Sunday, 23 May 2010

It's a scorcher!

I'm writing this whilst slowly melting into my bedsheets (which need changing, but I'm far too hot and bothered to actually do it). Yes, folks, the sunny weather has finally arrived! Of course, it's predicted to get colder and wetter as the new week begins because... Well, because I'm writing this in Britain. We don't really do prolonged good weather, after all!

Everywhere I've been lately, however, I've seen people making the most of the heat and the sunshine whilst we've got it. And it has been something of a revelation. Something happens to us when the sun comes out - we change somehow and after much reflection, I've decided it's for the better.

Yes, there will always be lads going around without their tops on, regardless of their general physique. Yes, I will always - and I mean always - run screaming from wasps, no matter how many times I'm told to "stand still and it'll ignore you." And yes, we might get tired and teasy in the heat, as we stand around like lobsters, poking at a barbecue sausage (not a euphemism, honest guv). But the positives seem to far outweigh the negatives.

The children at the school I work at have rejoiced in running around on the playing field, without the needs for coats or jumpers, with traces of sticky sun lotion on their cheerful faces. The beaches have been full of families, laughing together and making the most of a bit of time off work. Everywhere you go, there are little signs that Summer is on its way: The scent of a barbecue wafting through the air; the sound of an ice cream van trundling down the road playing a merry tune... And suddenly, people are smiling more. People are laughing more. People are thinking: "Lets ignore the housework for a day and go out and enjoy ourselves instead." Strangers are passing comments about the weather, rather than passing each other silently in the street. That has to be something to smile about, surely? I mean, I can be a surly so and so, but even I'm happy to smile and say: "Can't believe this sunshine, can you?!" When I'm queuing at the post office (for ten million years, but that's another subject).

Apparently we're set for a return to rain and cooler temperatures next weekend (which, on a selfish note, pleases me because I'm liable to be making a long drive and didn't fancy boiling to death when I inevitably reach a traffic jam), but I'm hoping we see a return to the sunshine and the warmth, soon. Because it seems that when the weather is sunny and warm, so are the people I meet. And that's actually rather nice.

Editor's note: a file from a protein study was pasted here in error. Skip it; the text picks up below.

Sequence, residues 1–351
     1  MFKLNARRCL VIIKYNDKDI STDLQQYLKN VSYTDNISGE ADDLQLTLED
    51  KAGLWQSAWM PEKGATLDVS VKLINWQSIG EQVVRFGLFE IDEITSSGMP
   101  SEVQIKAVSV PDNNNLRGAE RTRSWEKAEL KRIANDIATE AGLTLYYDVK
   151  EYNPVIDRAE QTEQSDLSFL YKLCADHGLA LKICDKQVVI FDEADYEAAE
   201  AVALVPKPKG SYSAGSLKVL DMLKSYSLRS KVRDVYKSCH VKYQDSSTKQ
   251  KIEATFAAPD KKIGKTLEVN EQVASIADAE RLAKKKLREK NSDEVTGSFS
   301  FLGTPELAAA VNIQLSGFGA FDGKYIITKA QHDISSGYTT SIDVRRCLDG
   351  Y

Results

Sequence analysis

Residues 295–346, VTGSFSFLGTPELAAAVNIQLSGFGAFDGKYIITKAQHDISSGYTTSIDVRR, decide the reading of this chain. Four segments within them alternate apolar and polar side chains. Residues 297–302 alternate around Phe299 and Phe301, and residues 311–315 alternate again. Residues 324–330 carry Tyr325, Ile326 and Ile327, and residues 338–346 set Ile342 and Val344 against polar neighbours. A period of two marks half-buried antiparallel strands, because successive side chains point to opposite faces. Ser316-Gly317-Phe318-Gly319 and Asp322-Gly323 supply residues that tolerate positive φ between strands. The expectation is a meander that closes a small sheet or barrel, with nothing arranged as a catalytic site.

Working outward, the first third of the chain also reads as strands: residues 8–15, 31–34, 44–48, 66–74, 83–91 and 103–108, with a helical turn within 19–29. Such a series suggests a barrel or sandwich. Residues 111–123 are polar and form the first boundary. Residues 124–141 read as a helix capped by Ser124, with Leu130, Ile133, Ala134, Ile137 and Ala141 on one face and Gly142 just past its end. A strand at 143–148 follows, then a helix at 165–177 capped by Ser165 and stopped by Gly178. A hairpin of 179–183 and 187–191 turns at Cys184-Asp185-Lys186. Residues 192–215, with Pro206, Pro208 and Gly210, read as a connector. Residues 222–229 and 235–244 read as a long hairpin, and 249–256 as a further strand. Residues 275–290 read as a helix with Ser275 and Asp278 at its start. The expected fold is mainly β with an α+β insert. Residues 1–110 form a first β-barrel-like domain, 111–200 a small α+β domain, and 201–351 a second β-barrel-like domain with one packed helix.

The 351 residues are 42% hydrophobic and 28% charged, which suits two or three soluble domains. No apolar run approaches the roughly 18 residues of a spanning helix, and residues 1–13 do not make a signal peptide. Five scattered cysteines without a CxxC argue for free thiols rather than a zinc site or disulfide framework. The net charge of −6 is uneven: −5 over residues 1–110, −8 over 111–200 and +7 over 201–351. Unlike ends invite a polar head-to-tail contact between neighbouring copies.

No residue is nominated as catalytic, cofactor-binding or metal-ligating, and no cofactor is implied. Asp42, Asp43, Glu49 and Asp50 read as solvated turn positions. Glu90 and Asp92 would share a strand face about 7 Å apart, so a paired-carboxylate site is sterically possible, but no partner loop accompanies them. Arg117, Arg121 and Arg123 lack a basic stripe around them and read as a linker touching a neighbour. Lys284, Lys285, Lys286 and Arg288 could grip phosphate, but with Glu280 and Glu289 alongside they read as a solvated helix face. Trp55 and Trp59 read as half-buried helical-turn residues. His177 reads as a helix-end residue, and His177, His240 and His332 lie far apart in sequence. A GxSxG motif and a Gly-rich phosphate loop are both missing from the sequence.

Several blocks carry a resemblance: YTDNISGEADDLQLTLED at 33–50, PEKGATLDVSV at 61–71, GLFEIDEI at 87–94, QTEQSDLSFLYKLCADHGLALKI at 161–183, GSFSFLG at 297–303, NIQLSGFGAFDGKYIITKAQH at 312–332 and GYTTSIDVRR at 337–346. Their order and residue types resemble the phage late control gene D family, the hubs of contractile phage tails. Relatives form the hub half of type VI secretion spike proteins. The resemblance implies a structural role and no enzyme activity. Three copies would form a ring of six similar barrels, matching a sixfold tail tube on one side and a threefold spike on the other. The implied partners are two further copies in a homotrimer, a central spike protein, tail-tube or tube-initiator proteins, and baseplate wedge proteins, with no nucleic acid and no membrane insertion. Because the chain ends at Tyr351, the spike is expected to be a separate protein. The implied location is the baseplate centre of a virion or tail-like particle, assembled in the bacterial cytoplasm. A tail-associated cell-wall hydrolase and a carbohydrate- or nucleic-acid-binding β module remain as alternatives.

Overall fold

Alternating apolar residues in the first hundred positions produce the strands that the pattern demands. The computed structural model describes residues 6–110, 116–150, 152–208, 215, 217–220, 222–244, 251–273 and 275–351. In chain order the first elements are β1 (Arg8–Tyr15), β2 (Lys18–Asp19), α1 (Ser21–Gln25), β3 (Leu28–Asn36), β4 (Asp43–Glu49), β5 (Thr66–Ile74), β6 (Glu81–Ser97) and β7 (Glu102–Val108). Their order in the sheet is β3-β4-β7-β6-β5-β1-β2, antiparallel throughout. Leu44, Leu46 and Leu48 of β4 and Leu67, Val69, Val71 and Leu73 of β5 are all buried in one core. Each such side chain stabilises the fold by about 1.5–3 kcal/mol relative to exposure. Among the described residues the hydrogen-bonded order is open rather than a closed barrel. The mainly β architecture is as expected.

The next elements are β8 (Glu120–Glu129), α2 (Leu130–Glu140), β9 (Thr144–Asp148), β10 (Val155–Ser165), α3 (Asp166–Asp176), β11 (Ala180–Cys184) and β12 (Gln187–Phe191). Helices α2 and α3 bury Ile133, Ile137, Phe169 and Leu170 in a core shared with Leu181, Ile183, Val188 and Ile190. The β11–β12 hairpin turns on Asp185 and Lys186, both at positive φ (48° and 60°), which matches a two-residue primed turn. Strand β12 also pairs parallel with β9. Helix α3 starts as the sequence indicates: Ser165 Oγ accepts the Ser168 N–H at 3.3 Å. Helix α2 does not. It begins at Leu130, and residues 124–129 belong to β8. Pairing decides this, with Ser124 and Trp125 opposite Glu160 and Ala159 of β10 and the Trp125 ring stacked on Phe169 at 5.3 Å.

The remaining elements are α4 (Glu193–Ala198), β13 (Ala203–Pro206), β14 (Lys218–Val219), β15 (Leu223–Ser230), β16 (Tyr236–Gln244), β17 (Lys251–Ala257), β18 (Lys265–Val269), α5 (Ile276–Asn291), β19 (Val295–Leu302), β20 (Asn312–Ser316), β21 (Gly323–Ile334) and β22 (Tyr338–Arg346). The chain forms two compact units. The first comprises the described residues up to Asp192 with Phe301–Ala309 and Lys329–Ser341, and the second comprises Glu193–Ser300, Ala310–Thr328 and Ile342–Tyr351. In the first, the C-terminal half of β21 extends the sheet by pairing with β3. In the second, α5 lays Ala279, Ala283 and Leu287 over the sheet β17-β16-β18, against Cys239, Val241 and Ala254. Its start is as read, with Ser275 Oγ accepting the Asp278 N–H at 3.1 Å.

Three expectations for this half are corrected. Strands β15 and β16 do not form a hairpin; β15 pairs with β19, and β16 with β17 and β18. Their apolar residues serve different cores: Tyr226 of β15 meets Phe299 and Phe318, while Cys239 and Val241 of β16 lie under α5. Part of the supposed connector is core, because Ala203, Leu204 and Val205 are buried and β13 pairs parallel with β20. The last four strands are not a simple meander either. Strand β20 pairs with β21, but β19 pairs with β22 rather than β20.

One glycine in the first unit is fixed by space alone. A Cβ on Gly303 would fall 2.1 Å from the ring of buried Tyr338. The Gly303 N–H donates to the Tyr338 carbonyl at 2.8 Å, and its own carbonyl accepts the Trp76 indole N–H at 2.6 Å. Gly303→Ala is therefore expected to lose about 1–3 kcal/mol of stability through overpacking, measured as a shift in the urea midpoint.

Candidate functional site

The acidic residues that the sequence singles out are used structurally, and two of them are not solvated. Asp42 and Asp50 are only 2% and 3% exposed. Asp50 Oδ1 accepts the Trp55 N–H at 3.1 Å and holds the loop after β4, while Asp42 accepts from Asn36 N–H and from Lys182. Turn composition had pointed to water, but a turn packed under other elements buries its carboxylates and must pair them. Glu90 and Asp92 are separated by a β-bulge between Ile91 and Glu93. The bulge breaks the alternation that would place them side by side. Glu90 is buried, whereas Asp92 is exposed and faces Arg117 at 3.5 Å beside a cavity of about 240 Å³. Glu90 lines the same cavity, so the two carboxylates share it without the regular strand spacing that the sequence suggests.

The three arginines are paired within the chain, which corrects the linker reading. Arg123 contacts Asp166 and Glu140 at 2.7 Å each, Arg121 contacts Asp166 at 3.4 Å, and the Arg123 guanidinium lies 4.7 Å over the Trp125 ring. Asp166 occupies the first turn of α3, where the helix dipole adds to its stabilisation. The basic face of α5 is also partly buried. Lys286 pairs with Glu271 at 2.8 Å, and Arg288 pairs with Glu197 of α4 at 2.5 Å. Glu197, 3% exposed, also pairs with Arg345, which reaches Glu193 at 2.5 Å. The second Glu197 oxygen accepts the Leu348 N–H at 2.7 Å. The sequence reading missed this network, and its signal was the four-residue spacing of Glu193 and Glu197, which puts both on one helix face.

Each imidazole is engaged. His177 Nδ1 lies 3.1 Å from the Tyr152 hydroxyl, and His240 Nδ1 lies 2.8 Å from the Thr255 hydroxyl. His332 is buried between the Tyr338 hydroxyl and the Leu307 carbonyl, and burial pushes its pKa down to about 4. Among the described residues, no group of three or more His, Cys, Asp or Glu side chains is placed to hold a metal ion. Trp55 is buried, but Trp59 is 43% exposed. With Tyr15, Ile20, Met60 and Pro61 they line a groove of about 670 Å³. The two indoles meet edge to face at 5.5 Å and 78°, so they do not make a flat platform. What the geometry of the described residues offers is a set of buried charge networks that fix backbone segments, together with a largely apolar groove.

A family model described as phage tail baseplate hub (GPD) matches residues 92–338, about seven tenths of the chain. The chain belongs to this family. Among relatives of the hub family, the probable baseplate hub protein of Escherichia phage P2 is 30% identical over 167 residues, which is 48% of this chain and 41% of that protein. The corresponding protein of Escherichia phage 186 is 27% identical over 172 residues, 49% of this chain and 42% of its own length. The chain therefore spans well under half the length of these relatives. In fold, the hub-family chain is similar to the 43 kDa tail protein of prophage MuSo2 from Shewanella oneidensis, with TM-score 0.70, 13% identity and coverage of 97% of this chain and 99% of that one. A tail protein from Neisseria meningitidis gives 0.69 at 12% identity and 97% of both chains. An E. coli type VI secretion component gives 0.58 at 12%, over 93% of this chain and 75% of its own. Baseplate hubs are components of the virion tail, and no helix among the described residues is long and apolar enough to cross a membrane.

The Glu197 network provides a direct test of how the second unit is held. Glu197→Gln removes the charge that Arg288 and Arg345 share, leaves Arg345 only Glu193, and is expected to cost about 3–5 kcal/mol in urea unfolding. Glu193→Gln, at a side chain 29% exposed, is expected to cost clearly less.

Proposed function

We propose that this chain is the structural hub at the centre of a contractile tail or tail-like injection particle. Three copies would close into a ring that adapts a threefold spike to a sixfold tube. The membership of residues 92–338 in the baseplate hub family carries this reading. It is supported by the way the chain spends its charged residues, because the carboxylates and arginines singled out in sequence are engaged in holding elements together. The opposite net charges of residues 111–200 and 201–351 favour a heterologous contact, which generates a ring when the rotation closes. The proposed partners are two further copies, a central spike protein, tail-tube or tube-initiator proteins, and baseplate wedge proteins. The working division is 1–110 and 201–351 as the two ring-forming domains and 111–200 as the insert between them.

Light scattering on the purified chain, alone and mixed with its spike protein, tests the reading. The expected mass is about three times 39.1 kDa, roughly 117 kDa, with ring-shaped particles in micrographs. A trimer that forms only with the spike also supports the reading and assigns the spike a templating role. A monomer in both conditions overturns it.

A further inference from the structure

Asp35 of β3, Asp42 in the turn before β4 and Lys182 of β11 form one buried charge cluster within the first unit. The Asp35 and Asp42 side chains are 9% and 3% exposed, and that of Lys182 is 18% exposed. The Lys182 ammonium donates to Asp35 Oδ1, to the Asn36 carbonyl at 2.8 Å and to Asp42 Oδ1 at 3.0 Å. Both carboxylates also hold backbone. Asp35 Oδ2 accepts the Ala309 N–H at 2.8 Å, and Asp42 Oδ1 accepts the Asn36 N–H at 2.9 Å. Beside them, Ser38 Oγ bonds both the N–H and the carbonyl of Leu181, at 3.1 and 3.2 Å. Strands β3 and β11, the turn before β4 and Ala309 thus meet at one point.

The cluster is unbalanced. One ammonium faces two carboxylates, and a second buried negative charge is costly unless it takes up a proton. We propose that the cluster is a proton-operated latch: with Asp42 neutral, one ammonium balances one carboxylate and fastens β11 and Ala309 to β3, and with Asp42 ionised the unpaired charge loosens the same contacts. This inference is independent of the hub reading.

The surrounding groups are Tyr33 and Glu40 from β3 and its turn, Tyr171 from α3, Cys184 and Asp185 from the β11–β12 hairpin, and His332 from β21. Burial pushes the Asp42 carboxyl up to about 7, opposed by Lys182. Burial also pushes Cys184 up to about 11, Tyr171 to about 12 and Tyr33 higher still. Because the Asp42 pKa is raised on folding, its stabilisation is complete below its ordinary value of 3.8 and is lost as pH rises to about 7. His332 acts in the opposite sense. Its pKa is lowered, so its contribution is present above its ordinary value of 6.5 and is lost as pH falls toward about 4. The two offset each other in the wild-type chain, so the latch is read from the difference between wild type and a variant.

Summer 2010? Bring it on.

Tuesday, 11 May 2010

Out of The Mouths of Babes...

I've long said that one of my favourite aspects of my job is hearing some of the brilliant quotes the children come out with. I mean, it's only one of my favourite aspects; I'm not discounting the excitement of "tiny chairs," the smell of the poster paint or the fact that I get all the school holidays off (three weeks til half term, you say? A week off, you say? "Get" and indeed "in")...

Children of a certain age don't quite yet possess a fully-operational sense of tact. Obviously it's pretty crucial that they're taught what they can and can't get away with saying (I'd go so far as to say that helping them to learn that is part of my job), but their innocent naivety with regards to what pops out of their little mouths can produce some absolute gems. Today, for example, I was asked: "Miss? You usually wear pretty dresses or skirts. For the last two days, you've been wearing trousers. Is there something wrong?!" I doubt I'll be winning Vogue's Best Dressed Teaching Assistant award this year, then. Unless the judges are prepared to discount days when I just can't be arsed to shave...

One award I apparently will be winning, according to one girl in the class in which I work, is Teacher With The Boingiest Hair. I'm going to assume she meant curliest. I'd like to take this opportunity to thank my parents, my sister, my friends and my hairdresser...

Sometimes, however, no matter how (more often than not accidentally) hilarious a comment a child makes to me is, it pales into comedy insignificance when compared to the conversations they have with each other. I recently overheard a boy and a girl have the following chat:

Boy: My dad got really excited today because of his erection.
*At this point I leapt, Cat-woman style, to defend their innocence, only for the conversation to continue...*
Girl: What?
Boy: It's where you tell someone who you want the pie minister to be.
Girl: That's not called an erection! It's called a "lection." Stupid.

Well duh. Another of my favourites was:

Girl 1: I know what Miss T's first name is.
Girl 2: So do I, silly. It's "Miss."

What I particularly like (because who doesn't like their ego being fed?!) is the fact that children will be willingly complimentary (I was told I was the best teacher in the universe last week - a title I treasured until I heard the same child pay the same compliment to someone else the next day. Turncoat!), but they don't always know how to phrase their compliments so that they sound... Well, complimentary. I once got told by a four year old boy that I looked nice in the dress that I was wearing, which he followed up with: "You look nice cos my Granny has a dress with flowers on, too. You remind me of her." I'm 27. I nearly had a breakdown. One which would have been compounded by being told, by a six year old boy a little later: "Miss, that make up on your eyes is really pretty. My mummy doesn't wear that. But then she doesn't have to, because she's younger than you."

*shoots self*

Still, at least I have pretty eyes. And the "boingiest" hair. What more could an elderly, granny-dress wearing woman hope for?!